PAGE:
Sony employees’ hacking suit settlement gets preliminary OK

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LOS ANGELES | A federal judge has given preliminary approval to a settlement of up to $8 million between Sony Pictures Entertainment and current and former employees related to the hack of the company’s computers last year.

FILE - This Dec. 19, 2014 file photo shows an exterior view of the Sony Pictures Plaza building in Culver City, Calif. More than six weeks after hackers attacked Sony Pictures Entertainment, its computer network is still down but the studio has not lost a single day of production on any of its films or television, CEO Michael Lynton told The Associated Press on Thursday, Jan. 8, 2015. In a wide-ranging interview Lynton talked about the company’s isolation and the uncertainty that was created by the pre-Thanksgiving attack, which the U.S. government has attributed to North Korea.  (AP Photo/Damian Dovarganes, File)U.S. District Judge R. Gary Klausner provided the preliminary approval Friday and scheduled a final approval hearing for March.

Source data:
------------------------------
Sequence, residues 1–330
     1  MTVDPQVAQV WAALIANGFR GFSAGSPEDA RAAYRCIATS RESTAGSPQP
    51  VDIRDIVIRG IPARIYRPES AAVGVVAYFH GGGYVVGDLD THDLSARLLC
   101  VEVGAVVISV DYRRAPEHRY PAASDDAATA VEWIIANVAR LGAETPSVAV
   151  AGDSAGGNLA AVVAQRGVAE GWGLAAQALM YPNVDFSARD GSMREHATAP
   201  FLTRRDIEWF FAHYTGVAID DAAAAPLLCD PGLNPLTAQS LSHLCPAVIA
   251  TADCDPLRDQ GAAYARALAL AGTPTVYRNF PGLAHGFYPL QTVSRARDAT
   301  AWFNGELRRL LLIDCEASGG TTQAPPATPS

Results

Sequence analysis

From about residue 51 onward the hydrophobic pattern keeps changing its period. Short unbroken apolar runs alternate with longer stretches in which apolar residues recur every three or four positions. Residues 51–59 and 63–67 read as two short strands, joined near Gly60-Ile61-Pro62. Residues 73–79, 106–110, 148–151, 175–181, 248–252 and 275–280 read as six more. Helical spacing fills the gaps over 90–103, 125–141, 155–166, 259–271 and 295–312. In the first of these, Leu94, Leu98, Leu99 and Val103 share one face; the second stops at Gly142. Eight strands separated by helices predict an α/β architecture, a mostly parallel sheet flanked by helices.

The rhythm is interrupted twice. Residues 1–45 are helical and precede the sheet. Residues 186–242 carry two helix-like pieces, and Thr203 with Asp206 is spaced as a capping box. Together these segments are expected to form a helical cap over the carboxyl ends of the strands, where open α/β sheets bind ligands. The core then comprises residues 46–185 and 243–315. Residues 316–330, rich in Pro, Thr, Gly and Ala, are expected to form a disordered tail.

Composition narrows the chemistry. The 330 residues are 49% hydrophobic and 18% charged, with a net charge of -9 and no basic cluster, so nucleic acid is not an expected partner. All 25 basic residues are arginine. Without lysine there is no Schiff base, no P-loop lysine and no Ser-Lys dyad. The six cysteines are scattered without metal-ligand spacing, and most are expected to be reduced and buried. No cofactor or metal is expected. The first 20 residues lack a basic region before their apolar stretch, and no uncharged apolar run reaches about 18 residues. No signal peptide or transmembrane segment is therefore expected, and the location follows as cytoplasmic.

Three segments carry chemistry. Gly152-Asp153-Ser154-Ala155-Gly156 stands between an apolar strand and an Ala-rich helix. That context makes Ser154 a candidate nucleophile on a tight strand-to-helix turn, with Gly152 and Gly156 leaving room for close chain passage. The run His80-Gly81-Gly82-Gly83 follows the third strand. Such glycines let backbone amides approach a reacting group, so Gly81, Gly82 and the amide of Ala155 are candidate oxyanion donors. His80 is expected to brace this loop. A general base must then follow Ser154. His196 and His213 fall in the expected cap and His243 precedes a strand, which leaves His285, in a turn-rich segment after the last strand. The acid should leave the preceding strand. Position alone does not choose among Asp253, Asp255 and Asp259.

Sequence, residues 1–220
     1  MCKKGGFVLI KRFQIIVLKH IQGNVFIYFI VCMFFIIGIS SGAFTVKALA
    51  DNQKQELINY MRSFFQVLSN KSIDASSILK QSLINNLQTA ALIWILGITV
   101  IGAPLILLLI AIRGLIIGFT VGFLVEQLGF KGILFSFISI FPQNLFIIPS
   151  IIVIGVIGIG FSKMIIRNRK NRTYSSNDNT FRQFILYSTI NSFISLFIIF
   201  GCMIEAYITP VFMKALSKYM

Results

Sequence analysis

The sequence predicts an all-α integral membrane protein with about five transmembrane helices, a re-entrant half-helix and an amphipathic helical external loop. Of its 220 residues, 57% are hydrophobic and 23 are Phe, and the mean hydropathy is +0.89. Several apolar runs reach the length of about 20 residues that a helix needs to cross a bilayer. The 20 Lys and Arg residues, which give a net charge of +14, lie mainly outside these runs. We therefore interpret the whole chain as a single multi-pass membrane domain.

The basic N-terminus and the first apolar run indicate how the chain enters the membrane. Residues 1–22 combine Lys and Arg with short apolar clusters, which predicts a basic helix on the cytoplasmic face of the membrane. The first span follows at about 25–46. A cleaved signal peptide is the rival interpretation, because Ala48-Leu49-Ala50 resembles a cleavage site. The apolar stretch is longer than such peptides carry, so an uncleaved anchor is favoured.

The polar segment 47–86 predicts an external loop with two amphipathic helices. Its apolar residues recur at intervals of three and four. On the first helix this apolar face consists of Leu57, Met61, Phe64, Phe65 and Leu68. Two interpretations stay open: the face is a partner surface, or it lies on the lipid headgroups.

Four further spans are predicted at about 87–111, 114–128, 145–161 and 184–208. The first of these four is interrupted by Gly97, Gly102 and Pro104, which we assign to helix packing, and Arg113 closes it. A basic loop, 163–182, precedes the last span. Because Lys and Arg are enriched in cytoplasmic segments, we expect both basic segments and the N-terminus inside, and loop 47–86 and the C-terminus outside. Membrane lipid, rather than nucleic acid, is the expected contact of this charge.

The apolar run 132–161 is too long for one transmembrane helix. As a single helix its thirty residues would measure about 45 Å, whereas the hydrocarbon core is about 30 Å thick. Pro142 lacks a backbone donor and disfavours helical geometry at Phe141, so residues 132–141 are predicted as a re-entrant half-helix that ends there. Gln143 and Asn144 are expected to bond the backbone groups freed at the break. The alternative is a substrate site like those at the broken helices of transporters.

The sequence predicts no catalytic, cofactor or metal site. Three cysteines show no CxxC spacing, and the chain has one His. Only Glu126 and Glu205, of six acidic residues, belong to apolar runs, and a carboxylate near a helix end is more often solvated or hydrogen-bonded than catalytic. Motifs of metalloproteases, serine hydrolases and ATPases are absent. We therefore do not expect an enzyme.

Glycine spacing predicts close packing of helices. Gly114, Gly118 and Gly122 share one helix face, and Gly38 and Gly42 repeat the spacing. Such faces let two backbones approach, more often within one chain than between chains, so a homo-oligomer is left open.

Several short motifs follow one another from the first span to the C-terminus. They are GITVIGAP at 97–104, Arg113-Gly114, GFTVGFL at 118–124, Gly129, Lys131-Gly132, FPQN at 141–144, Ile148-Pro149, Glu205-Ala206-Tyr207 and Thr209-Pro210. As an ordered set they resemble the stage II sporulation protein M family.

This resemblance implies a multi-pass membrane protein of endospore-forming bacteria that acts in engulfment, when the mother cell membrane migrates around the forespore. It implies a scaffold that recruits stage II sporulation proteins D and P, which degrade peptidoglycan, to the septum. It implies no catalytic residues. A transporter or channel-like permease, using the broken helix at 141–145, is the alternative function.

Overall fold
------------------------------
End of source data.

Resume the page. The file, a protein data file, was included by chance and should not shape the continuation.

Under the deal, Sony agreed to reimburse employees up to $10,000 apiece for identity-theft losses, to cover the cost of credit-fraud protection services and to pay for plaintiffs’ legal fees.

Hackers calling themselves Guardians of Peace broke into company computers and released thousands of emails, documents, Social Security numbers and other personal information in an attempt to derail the release of the North Korean-focused comedy “The Interview.” The U.S. government blamed North Korea for the attack.